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Editorial: DUP once again left saying 'no' even though most unionists back the Windsor Framework

As MPs prepare to back the Stormont brake in a vote regarded as a verdict on the Windsor Framework itself, the findings of the latest opinion poll conducted by this newspaper with the University of Liverpool-Institute of Irish Studies provide some useful context.

The data shows that outright opposition to the refined NI Protocol deal is not as strong as the DUP would lead one to believe.

According to the poll, just 15.7 per cent of unionists are firmly against the Framework, with three times as many (45.8 per cent) supportive and 38.5 per cent who could be described as undecided.

Nationalist voters are in fact more opposed to the deal, with 19.2 per cent against it. This may reflect a general disenchantment with the whole Brexit project – a fantasy inextricably linked with the DUP and fellow travellers such as Boris Johnson and the ERG – more than any particular verdict on the Windsor Framework itself. Meanwhile, just 9.2 per cent of the 'neither unionist nor nationalist' group oppose the Framework.

The poll findings offer further evidence that the DUP has misjudged its approach to the deal.

Although Sir Jeffrey Donaldson and his fellow MPs could plausibly have abstained, arguing that they were waiting for the DUP's eight-member panel to make up its mind on the Framework, he has said they will vote against the brake.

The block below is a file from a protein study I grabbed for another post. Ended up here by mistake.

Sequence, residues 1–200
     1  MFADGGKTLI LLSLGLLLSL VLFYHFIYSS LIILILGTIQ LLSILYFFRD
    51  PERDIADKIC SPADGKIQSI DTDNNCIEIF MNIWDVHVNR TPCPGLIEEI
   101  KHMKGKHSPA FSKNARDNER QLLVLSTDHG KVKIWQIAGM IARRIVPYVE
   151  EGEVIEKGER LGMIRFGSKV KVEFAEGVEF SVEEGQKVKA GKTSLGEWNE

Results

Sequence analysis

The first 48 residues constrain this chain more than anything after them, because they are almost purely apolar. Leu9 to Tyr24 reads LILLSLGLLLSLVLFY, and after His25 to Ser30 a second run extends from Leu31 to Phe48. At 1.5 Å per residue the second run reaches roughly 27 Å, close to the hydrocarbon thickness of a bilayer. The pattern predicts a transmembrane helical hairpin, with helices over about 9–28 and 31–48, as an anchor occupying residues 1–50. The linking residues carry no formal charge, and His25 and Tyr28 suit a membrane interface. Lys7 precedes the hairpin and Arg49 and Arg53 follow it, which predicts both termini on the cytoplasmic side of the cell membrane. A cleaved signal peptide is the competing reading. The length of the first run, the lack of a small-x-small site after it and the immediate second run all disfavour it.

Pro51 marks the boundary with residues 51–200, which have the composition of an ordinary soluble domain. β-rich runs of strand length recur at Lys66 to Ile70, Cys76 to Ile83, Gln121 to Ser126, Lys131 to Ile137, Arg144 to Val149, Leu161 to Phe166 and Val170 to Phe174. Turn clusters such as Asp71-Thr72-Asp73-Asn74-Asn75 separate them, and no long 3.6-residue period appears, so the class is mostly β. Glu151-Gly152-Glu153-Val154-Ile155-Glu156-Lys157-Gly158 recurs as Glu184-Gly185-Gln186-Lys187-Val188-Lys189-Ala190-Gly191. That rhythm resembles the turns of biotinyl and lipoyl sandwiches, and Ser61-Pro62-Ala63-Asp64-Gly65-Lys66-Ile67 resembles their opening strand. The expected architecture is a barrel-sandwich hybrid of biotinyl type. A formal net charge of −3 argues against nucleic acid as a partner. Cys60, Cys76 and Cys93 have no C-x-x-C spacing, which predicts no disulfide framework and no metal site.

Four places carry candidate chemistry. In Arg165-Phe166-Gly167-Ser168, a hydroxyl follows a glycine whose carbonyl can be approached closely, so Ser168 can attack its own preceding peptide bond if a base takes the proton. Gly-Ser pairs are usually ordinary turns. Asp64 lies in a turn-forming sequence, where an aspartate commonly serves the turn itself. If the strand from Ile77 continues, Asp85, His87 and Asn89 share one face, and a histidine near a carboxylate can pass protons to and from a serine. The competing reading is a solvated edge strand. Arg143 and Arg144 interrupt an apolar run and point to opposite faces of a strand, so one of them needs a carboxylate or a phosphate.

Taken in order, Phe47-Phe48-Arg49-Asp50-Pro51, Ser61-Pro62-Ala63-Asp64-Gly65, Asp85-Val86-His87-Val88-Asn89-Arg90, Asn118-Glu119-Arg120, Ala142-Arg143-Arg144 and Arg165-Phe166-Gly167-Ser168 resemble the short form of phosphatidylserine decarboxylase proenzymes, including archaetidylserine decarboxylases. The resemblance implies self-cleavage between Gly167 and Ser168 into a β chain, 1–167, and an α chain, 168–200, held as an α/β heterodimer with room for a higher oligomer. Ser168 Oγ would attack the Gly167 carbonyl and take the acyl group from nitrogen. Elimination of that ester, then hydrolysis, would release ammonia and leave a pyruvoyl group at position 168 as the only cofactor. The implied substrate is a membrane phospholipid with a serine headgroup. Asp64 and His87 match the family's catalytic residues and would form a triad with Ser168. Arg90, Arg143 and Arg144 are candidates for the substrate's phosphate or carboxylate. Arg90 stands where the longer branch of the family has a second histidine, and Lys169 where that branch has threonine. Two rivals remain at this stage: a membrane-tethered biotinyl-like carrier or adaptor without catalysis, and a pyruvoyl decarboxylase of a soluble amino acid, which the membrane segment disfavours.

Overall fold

This is another misstep, and they will be firmly in the minority. Even the European Research Group of Conservative backbenchers, a diminished force of around 30 MPs these days, hasn't committed itself to voting against the government. The ERG's so-called 'star chamber' of legal experts has come up with a long list of criticisms of the Framework but the group doesn't appear to have the stomach for a full-scale rebellion against the prime minister. Politics at Westminster, if not for the DUP, has moved on.

Mr Sunak clearly wants to leave the years of wrangling over Brexit behind him and is intent on building a new relationship with Europe; for its part, EU ministers meeting in Brussels on Tuesday have already given their approval to the Framework.

This leaves the DUP once again saying 'no', and once again failing to articulate any sort of considered alternative.

As our opinion poll found, the majority of voters still believe the Good Friday Agreement structures are the best basis for governing Northern Ireland. The only logical outcome is for the DUP to return to power-sharing at Stormont and ends its nonsensical boycott as soon as possible.

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